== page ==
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New video analysis offering

post #1 of 19
Thread Starter 
I got pointed to Asterpix recently and thought we might find uses for it around here... You can hotlink within video like this.
post #2 of 19
Quote:
Originally Posted by ssh View Post
I got pointed to Asterpix recently and thought we might find uses for it around here... You can hotlink within video like this.
That is over the top. That is just so cool. I know waves and that is beyond my imagination for taking a beating at the end. Oh the price we pay for thrills.

Thanks for that.
post #3 of 19
That is not real.
post #4 of 19
Quote:
Originally Posted by Paul Jones View Post
That is not real.
Who cares, it's still cool. I belongs in the lounge but way cool.
post #5 of 19
Quote:
Originally Posted by Paul Jones View Post
That is not real.
Goto Youtube and type in Big Wave Surfing....it is very real...these guys thou are some of the best professional surfers in the world...they are not weekend warriors.
post #6 of 19
Partly inspired by snowboarding (the idea of strapping on the surfboard). I was just watching the documentary of the history of the beginning of big wave surfing the other night. Some blond Hawaiian guy started it all. Described it as a team sport between the tow in guy, the surfer and the rescue guy.

Steve - the hotlink feature is cool, but there are much better ways to do video analysis.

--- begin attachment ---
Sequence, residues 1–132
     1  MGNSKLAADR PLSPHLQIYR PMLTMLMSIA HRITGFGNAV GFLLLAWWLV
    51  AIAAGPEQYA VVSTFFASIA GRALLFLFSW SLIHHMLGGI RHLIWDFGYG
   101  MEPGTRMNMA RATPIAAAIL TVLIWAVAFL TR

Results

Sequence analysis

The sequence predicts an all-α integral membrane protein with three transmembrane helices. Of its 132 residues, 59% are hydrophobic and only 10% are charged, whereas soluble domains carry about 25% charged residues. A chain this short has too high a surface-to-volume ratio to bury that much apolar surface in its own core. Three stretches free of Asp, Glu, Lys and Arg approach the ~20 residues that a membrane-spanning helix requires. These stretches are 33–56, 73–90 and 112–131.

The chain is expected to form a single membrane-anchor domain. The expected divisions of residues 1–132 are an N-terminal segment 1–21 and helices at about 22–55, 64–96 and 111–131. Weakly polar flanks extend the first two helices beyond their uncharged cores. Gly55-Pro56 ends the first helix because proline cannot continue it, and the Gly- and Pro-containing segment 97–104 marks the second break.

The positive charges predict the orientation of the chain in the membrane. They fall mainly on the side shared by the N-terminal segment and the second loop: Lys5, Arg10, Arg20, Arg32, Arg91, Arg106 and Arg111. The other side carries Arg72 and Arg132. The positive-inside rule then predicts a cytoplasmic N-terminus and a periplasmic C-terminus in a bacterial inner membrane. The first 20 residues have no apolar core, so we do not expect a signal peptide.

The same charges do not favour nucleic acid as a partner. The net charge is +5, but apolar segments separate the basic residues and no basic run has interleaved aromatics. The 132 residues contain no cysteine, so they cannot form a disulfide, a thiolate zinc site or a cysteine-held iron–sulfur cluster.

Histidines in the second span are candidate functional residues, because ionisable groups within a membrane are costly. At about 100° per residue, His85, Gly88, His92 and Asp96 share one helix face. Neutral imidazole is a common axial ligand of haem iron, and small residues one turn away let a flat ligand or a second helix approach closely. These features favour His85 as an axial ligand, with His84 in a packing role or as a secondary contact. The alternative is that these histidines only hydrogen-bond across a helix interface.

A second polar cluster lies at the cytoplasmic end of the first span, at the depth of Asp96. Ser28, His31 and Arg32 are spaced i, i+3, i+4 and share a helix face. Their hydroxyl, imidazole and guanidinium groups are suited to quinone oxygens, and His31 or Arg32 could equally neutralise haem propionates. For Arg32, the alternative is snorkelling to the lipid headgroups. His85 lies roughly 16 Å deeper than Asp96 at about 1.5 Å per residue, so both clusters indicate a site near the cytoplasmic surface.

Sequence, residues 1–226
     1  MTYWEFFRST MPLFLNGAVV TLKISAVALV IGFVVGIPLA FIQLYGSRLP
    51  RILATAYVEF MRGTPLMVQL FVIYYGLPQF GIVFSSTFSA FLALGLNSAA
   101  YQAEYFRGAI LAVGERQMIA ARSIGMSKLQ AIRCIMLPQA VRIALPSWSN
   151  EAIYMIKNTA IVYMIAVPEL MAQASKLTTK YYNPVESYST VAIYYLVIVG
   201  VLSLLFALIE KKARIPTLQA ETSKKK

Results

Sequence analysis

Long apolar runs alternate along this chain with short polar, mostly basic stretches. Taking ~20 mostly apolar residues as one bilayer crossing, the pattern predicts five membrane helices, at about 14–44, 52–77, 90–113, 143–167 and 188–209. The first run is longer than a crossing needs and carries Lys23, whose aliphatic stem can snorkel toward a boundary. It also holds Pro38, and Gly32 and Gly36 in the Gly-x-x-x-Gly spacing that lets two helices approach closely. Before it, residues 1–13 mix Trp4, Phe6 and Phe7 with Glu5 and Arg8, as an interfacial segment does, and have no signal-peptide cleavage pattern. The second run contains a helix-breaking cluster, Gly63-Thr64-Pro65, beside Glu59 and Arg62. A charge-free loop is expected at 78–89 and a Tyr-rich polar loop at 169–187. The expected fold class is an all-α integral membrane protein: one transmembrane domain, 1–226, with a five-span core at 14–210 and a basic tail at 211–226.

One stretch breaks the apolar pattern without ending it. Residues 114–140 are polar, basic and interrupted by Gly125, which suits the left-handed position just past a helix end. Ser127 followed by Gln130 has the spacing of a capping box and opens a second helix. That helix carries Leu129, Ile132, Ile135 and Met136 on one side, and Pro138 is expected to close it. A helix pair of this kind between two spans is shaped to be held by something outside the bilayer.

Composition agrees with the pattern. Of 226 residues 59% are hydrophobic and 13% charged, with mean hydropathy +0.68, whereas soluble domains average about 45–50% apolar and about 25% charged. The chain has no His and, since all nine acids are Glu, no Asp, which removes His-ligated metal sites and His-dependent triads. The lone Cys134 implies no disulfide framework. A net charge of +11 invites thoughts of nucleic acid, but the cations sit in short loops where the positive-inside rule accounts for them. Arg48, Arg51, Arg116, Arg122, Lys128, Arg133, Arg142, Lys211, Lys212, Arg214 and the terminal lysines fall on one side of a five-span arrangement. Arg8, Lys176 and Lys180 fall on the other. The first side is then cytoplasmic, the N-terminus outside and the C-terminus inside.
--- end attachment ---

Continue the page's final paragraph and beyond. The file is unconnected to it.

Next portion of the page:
post #7 of 19
Quote:
Originally Posted by therusty View Post
Partly inspired by snowboarding (the idea of strapping on the surfboard). I was just watching the documentary of the history of the beginning of big wave surfing the other night. Some blond Hawaiian guy started it all. Described it as a team sport between the tow in guy, the surfer and the rescue guy.

Steve - the hotlink feature is cool, but there are much better ways to do video analysis.
I think that is the other way around....surfing has been around alot longer then snowboarding! I think the foot strap idea comes from Windsurfing.
post #8 of 19
I found the hot link boxes to be an annoyance.
post #9 of 19
That is one big wave. Not so sure about the beating; water is a lot softer when it ain't frozen though, that is as long as you're not being dumped into two feet of shallow( rocks are hard):.
post #10 of 19
Quote:
Originally Posted by Ghost View Post
That is one big wave. Not so sure about the beating; water is a lot softer when it ain't frozen though, that is as long as you're not being dumped into two feet of shallow( rocks are hard):.
Give surfing a go....you would be surprised how hard that stuff is
post #11 of 19
Thread Starter 
Quote:
Originally Posted by crank View Post
I found the hot link boxes to be an annoyance.
Can't you see some interesting uses for it, especially when we are trying to communicate something about a particular video? I thought it was interesting technology for our use here, which is why I posted about it where I did. The only example that I knew about was the surfing one, so I choose to use it. The point was the video linking technology, though.
post #12 of 19
Quote:
Originally Posted by ssh View Post